- Government expects IMF to agree $200 million facility in June
- Current account-deficit seen widening as export revenue drops
Rwanda is in talks with the International Monetary Fund to arrange a standby facility of about $200 million to help offset the impact of declining export revenue and surging imports, Central Bank Governor John Rwangombwa said.
The collapse in global commodity prices is expected to result in “negative growth” in revenue for Rwanda’s mineral shipments this year, Rwangombwa said in an interview Friday at the World Economic Forum on Africa in the capital, Kigali. At the same time, import costs are surging as the government spends money building infrastructure like roads, railways and a new international airport.
“We have started engaging the fund,” Rwangombwa said. “We expect the IMF through their board to approve by next month a financing standby facility for Rwanda. We are looking at around $200 million.”
Rwanda’s economy recorded one of the fastest growth rates in Africa over the past 10 years, expanding an average of 7.8 percent, according to World Bank data. Only Ethiopia and Sierra Leone grew faster. The government is investing in infrastructure to help develop private industry, two decades after a genocide in the East African left more than 800,000 dead and slashed economic output by almost 50 percent.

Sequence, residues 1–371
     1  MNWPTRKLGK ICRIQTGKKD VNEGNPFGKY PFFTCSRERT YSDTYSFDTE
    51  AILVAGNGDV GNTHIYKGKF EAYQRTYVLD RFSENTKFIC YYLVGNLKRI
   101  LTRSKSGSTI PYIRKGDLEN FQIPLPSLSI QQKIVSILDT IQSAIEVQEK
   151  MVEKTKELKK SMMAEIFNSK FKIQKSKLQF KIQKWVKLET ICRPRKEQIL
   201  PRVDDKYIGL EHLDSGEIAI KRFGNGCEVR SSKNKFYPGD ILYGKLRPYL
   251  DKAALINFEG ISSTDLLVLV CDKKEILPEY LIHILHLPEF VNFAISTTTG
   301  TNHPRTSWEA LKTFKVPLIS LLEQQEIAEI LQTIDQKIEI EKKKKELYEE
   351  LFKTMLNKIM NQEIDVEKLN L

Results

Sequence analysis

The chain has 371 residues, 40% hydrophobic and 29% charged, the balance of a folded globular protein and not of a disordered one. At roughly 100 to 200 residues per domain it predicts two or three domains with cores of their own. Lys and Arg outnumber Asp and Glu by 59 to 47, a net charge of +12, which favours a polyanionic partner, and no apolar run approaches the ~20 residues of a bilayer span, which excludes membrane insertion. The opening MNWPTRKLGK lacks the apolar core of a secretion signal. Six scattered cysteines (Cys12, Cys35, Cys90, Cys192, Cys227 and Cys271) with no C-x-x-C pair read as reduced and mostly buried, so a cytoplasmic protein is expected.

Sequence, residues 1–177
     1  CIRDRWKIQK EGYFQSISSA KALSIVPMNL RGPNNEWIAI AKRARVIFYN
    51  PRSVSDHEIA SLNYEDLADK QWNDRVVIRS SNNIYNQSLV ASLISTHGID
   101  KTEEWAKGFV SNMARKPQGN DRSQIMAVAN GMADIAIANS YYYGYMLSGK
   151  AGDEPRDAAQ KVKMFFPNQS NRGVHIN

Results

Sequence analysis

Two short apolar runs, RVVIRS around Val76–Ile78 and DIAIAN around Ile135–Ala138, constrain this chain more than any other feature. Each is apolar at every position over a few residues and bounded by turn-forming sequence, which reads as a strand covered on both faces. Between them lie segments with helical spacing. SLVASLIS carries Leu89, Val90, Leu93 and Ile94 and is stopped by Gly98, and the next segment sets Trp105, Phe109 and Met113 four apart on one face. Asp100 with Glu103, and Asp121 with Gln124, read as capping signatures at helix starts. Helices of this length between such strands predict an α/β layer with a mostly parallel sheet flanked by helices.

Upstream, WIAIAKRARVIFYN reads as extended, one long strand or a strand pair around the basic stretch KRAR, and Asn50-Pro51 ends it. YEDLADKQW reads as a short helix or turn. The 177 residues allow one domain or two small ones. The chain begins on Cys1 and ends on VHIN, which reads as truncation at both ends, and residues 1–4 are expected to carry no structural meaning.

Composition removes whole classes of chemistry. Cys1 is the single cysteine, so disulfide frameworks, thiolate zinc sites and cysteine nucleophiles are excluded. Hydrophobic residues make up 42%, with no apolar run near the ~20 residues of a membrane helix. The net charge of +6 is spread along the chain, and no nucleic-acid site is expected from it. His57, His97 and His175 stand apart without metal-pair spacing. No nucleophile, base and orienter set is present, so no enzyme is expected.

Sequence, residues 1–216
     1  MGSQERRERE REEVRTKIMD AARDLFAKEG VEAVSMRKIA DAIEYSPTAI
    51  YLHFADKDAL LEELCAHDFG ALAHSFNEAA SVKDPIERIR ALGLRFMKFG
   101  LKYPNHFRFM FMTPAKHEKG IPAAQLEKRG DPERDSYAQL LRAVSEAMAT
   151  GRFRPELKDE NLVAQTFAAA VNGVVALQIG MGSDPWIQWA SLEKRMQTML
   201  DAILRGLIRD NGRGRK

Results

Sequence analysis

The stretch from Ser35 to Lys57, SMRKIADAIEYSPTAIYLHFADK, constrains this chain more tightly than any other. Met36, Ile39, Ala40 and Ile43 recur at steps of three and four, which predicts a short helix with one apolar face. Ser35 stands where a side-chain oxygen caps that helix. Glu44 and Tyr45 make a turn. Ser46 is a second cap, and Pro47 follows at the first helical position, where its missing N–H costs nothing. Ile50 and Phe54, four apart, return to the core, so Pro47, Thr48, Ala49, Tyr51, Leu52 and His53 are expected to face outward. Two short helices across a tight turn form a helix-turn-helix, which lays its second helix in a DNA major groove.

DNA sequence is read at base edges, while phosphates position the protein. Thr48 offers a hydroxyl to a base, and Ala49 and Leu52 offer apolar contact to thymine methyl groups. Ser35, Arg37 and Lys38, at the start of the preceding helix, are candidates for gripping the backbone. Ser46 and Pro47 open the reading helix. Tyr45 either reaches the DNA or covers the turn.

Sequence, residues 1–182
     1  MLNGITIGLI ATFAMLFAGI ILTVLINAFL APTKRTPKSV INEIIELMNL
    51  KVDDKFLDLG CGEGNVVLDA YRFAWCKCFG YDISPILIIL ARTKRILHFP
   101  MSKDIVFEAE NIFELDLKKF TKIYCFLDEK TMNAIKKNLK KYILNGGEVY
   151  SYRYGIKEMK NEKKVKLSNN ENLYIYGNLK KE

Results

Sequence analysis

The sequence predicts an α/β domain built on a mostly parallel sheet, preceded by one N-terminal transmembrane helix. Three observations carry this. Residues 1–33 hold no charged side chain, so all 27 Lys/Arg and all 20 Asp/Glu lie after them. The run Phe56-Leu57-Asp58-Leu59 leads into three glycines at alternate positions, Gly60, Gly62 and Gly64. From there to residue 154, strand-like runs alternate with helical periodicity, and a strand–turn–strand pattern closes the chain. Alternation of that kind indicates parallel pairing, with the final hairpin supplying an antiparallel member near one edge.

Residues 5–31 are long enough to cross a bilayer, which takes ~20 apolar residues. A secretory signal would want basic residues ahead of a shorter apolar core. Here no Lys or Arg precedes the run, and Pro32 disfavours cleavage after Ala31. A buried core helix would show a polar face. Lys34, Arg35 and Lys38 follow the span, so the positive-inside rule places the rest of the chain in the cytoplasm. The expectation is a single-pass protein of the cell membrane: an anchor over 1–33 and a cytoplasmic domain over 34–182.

Rwanda’s “unfavorable” trade account balance has weighed on the Rwandan franc, which has weakened about 4.2 percent against the dollar this year, as well as growth. The economy is only expected to grow 6 percent this year, before accelerating to 7.5 percent by 2018, Rwangombwa said.
Growing imports are expected to result in an even wider current-account deficit, he said. Rwandan imports of goods including construction and transport materials last year totaled $1.86 billion, compared with exports including tin, coltan, coffee and tea worth $563.46 million, according to National Institute of Statistics of Rwanda data. The current-account gap stood at $945.4 million in 2014, according to the latest available data on the central bank’s website.
The deficit on the current account, the broadest measure of trade in goods and services, has “always” been between 11 and 12 percent of gross domestic product in Rwanda, Rwangombwa said.
“This year we expect it to widen further because of very big imports,” he said. “This widens it to more than 16 percent. We expect that to go down next year back to 10 percent.”